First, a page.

USADA’s Travis Tygart Plays Prosecutor, Jury and Judge in Lance Armstrong Case

Imagine walking into a courtroom as the defendant in a lawsuit. The prosecuting attorney reads the charges against you citing nothing more than the testimony of anonymous witnesses as evidence. You object, claiming this is unjust! To your surprise the prosecutor walks to the judge's bench, puts on a judge's robe and denies your motion. The prosecutor, still wearing his judge's robe, then takes out his cell phone and calls three of his friends to serve on your "independent" jury.

This fictitious, but obviously unjust situation is incredibly similar to the case Lance Armstrong currently faces from the United States Anti-doping Agency and its CEO Travis T. Tygart.

A similar investigation led by the United States Department of Justice concluded in February, 2012. After almost two years of investigation, and millions of US tax dollars spent researching Armstrong's past, the USDOJ decided there wasn't enough evidence to continue the investigation. So is this just another branch of the Federal government wasting millions of more tax dollars on the same investigation?

No, despite the officially sounding name, it turns out the "United States Anti-doping Agency is not a part of the federal government. Although it receives almost 90 percent of its funding from the federal grants, the USADA is a government program masquerading as a non-profit organization. This non-profit status allows it to investigate and prosecute athletes without affording them the constitutional and due process protections required of other federal agencies. This status also allows it to prosecute athletes with a lower burden of proof than the "beyond a reasonable doubt" standard that would have been required in the previous investigation by the USDOJ. Finally, it allows a situation where the same man, Mr. Travis T. Tygart is allowed to serve as Prosecutor, Jury and Judge in the investigation of Lance Armstrong.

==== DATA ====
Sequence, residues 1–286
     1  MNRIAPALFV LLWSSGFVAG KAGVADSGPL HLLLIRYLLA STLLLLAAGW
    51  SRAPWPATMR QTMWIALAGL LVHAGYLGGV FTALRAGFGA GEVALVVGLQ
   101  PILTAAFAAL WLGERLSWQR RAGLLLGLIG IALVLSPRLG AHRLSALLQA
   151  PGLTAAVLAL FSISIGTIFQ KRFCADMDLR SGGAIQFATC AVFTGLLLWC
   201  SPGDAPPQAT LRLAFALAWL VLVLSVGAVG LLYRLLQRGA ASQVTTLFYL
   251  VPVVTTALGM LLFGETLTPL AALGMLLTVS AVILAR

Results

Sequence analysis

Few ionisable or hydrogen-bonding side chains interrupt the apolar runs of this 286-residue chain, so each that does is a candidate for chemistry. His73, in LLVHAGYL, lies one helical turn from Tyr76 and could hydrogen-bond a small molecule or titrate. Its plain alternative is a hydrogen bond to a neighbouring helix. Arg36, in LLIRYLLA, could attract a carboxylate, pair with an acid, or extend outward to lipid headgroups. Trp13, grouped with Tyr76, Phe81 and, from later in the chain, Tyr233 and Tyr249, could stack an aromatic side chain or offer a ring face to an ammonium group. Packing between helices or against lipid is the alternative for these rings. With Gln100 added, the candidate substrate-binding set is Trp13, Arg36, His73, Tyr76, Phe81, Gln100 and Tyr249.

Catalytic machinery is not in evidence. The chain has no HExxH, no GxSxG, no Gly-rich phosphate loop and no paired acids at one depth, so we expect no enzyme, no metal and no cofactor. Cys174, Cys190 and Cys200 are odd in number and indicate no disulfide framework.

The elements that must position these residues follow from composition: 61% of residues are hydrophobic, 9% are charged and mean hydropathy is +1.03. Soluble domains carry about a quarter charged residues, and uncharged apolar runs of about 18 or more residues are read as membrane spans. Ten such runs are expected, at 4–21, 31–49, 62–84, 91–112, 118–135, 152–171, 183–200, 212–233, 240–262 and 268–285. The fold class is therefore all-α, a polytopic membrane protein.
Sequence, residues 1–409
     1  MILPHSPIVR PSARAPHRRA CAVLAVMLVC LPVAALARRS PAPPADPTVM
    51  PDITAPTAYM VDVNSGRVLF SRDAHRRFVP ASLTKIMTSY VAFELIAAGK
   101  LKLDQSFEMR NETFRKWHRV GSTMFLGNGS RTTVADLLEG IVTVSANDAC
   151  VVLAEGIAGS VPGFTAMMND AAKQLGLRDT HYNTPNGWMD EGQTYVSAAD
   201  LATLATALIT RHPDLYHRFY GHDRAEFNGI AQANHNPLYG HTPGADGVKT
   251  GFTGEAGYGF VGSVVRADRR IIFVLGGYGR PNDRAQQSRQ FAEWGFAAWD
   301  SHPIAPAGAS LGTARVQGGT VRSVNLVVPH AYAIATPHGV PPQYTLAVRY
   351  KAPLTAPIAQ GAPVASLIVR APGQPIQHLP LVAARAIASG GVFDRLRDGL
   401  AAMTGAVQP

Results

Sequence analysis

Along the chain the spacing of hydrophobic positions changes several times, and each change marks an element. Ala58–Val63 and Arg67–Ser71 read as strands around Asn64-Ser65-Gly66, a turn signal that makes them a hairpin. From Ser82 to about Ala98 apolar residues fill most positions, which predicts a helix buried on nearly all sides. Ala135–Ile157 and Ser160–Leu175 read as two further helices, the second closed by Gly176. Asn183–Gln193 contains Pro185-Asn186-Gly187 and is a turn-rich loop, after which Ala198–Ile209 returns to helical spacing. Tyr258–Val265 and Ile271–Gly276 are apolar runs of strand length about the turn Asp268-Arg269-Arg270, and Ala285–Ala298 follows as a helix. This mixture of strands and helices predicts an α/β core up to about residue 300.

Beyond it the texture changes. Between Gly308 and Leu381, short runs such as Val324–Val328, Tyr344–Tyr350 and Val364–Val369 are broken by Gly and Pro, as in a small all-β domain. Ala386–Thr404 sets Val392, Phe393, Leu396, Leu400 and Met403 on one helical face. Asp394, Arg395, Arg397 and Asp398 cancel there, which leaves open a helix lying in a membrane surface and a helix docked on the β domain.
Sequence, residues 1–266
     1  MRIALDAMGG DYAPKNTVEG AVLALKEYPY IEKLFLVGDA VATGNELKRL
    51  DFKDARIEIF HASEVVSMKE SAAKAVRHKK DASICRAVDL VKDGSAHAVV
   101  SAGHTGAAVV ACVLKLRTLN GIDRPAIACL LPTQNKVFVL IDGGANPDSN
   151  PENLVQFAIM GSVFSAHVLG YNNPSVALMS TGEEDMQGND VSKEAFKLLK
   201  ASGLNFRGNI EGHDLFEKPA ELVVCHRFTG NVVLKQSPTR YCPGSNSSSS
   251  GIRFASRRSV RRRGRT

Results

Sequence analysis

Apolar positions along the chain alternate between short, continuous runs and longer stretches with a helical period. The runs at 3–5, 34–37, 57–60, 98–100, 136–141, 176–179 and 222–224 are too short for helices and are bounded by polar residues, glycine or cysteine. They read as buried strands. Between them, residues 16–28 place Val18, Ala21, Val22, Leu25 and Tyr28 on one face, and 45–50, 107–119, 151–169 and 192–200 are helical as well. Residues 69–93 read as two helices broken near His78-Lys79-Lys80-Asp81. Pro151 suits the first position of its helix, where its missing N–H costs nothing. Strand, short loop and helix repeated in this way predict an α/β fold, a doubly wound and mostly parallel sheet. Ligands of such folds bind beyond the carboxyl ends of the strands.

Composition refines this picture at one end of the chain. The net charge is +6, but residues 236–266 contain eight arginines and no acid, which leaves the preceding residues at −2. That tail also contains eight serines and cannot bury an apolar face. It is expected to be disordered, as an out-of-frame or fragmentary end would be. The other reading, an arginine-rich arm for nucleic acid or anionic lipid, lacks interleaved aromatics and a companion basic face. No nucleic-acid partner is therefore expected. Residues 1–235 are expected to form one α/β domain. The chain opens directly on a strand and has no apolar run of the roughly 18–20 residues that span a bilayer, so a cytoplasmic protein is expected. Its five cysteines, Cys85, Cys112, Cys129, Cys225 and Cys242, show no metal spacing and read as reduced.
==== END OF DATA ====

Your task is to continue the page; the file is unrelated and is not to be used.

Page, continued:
PROSECUTOR: Tygart initiated the charges.

On June 12, 2012, Travis Tygart and his staff at the USADA sent a letter to Armstrong accusing him of violating anti-doping rules. As evidence of this violation, Mr. Tygart and his staff were only able to cite previous drug tests that Armstrong had passed and the testimony of anonymous witnesses.

In the letter, Mr. Tygart informs Armstrong that he has 10 days to submit evidence to a Review Board that will determine if there is "sufficient evidence of doping" to continue with a full hearing. In his defense, Armstrong can only offer written materials to the Review Board. He will not even be allowed to know the names of the cyclists that have allegedly testified against him.

JURY: Tygart gets to hand pick the Review Board

The "Review Board" will decide whether charges should be brought against Armstrong from the USADA, and whether the case shall go to a full arbitration hearing. Who serves on this review Board? According to USADA protocol 11(b) The independent "review board" shall be appointed by the USADA's CEO. You read that correctly, Mr. Tygart is allowed to handpick the individuals that serve as the "Jury", and decide if these charges should move forward. If an athlete had failed a drug test and the board was looking at objective evidence this process might make sense; however, Armstrong has never failed a drug test. All of the evidence in this case is subjective. Mr. Tygart has allegedly caught several other cyclists doping, and offered them immunity in exchange for their testimony against Lance. Shouldn't the credibility of such a witness be at least considered? Well, let's assume that Mr. Tygart's buddies, I mean, the independent "review board" find enough evidence to move the investigation forward, what happens next?

JUDGE: Tygart and USADA staff recommends sanction